Significance of findings

This study demonstrates that elevated methane concentrations in water wells in Susquehanna County are common and are correlated with topography rather than proximity to oil and gas operations, suggesting a geologic origin.

Consideration of regional geology, historical publications, water well completion records, and recent isotopic analyses indicates that naturally occurring methane is either thermogenic, originating from deposits overlying the Marcellus shale, or biogenic, originating from alluvial or glacial drift deposits.

In either case, the assertion by the Duke study that hydraulic fracturing of the Marcellus shale is contributing thermogenic methane to local water wells and shallow regional groundwater is unsubstantiated given the lines of evidence discussed in this paper. Rather, it appears that thermogenic methane encountered in water wells is related to the shallower Upper and-or Middle Devonian gases.

Historic records demonstrate that Upper Devonian thermogenic gas will be encountered by water wells or gas wells penetrating the Catskill formation. Water wells in the State of Pennsylvania currently have no uniform construction standards to prevent gas migration or other water quality issues.

To minimize potential impacts from shale gas wells, the Pennsylvania DEP has recently issued new regulations regarding the sealing, prevention and reporting of overpressurization, and inspection of gas production wells.32

Evaluating methane gas sources in groundwater

The evaluation presented in this article underscores the value of a "multiple-lines-of-evidence" approach for site-specific investigation of stray gas incidents.

Important lines of evidence include knowledge of underlying geologic stratigraphy, structure, and existing fracture systems; construction and completion details for the affected water wells and nearby gas production wells; historic information regarding prior stray gas incidents and evidence of naturally-occurring gas seeps; and prior analyses of the composition and isotopic signatures of gas sources.

As observed in this case, thermogenic gas can be sourced from various formations containing gases with carbon and hydrogen isotopic composition that may exhibit subtle variations. Complementing the isotopic analysis with characterization of the mass ratios of methane to ethane and to other higher chain hydrocarbons, as well as ratios of methane concentrations to those of carbon dioxide, nitrogen, and other gases, may provide greater resolution in some cases.

Careful consideration of the correct source of methane impacts, on a site-specific basis, is important for development of appropriate response actions for protection of water resources.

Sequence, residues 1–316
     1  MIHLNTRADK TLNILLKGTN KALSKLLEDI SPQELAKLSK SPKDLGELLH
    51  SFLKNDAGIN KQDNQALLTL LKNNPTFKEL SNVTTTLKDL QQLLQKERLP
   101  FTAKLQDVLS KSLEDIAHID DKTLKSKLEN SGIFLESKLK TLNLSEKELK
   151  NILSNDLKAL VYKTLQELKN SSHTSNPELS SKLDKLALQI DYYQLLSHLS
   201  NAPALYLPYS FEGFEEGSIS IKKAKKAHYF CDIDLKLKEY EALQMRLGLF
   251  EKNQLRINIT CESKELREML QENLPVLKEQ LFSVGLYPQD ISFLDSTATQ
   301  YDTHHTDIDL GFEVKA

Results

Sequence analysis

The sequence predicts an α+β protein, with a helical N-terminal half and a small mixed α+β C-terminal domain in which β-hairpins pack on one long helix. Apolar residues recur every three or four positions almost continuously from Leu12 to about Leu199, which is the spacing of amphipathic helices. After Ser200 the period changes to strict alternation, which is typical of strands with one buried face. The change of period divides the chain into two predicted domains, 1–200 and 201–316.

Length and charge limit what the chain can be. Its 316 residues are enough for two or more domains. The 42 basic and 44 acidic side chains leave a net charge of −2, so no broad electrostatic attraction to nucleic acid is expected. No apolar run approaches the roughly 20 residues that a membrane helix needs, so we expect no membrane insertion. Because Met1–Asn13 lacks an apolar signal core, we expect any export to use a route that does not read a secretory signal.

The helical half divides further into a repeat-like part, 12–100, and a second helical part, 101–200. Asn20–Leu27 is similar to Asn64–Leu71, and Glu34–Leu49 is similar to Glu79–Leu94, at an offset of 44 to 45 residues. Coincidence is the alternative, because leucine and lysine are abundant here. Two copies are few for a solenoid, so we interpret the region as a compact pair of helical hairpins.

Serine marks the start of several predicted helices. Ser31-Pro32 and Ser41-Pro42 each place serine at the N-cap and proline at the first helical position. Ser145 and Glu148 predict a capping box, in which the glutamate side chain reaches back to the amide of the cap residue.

We thank Cabot Oil & Gas Corp. for permission to publish, as well as GSI Environmental Inc. for financial support of staff participation. Thanks to Dr. Emily C. Mercurio for LiDAR and National Hydrography Dataset manipulation and mapping. We appreciate the insightful suggestions and comments of the numerous GSI and Cabot reviewers that greatly improved the article. The LiDAR bare-earth Digital Elevation Model used in the study had 3-ft pixel resolution and was a proprietary data set. Horizontal accuracy of the LiDAR point cloud (from which the bare-earth DEM was generated) is 45 cm and vertical accuracy is 30 cm. Gray areas on Figs. 6, 7, and 9 representing the δ13C and δ2H values of methane of microbial and thermogenic origin are based on plots and data presented in Coleman et al., 1993, and Schoell, 1980.


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The authors

Lisa J. Molofsky ([email protected]) is a geologist with GSI Environmental Inc. Since joining GSI in 2009, she has been involved in numerous site investigation and research support projects. She has an MS in geochemistry from the University of Arizona and a BA in geology from Washington University.

John A. Connor ([email protected]) is president of GSI Environmental Inc. and has over 30 years' experience in environmental engineering, with specialization in issues related to the oil and gas industry. He has an MS in civil engineering from Stanford University.

Shahla K. Farhat ([email protected]) is an environmental specialist with GSI Environmental Inc. She specializes in the assessment and remediation of groundwater aquifer systems, and chemical fate and transport modeling. She has a PhD in environmental sciences and engineering from the University of North Carolina at Chapel Hill.

A.S. (Buddy) Wylie Jr. ([email protected]) is exploration manager for Cabot's North Region and has over 28 years' experience in petroleum exploration and reservoir characterization. He has MS and BS degrees in geology from North Carolina State University and a PhD in Geology from Michigan Technological University.

Tom Wagner ([email protected]) is a geologist for Cabot's North Region. Since joining Cabot in 2009, he has been involved in development of Cabot's Marcellus resource and other exploration projects. He has an MS in geology from Central Washington University and a BS in geology from Oregon State University.